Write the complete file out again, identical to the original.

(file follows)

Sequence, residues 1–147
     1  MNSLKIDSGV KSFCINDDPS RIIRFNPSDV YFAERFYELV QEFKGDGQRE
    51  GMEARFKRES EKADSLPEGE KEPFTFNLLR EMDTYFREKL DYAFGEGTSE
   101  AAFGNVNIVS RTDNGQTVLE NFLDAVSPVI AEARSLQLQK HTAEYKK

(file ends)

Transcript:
Sequence, residues 1–147
     1  MNSLKIDSGV KSFCINDDPS RIIRFNPSDV YFAERFYELV QEFKGDGQRE
    51  GMEARFKRES EKADSLPEGE KEPFTFNLLR EMDTYFREKL DYAFGEGTSE
   101  AAFGNVNIVS RTDNGQTVLE NFLDAVSPVI AEARSLQLQK HTAEYKK